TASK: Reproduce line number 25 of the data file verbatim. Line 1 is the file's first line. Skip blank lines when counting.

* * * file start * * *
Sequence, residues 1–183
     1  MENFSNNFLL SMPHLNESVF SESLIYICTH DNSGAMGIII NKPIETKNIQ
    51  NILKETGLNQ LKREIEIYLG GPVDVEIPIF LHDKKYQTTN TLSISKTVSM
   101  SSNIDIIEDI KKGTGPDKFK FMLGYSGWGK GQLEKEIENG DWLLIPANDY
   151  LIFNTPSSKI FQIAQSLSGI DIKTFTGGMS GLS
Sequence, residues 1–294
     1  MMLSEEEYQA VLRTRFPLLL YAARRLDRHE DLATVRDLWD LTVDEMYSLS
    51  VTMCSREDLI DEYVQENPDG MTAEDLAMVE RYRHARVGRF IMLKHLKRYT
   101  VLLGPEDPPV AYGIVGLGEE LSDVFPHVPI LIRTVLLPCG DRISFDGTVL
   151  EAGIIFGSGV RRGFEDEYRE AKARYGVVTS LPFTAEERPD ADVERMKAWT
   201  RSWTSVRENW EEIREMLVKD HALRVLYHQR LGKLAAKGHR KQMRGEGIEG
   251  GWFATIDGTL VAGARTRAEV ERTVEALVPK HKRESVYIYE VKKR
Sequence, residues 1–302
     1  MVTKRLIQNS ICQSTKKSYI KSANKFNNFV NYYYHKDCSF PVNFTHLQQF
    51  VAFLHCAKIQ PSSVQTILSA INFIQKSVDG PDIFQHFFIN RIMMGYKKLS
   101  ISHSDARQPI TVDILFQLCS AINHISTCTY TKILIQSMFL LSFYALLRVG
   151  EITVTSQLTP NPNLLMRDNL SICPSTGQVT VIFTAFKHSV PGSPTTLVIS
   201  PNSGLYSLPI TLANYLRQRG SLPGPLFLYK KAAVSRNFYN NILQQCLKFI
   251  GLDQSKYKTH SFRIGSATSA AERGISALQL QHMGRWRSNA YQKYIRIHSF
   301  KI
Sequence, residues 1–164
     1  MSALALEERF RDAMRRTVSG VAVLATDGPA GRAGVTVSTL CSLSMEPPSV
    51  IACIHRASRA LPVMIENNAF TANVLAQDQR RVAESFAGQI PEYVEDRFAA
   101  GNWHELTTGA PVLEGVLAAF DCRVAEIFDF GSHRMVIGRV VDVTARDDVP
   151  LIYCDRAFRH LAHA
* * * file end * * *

   151  LIYCDRAFRH LAHA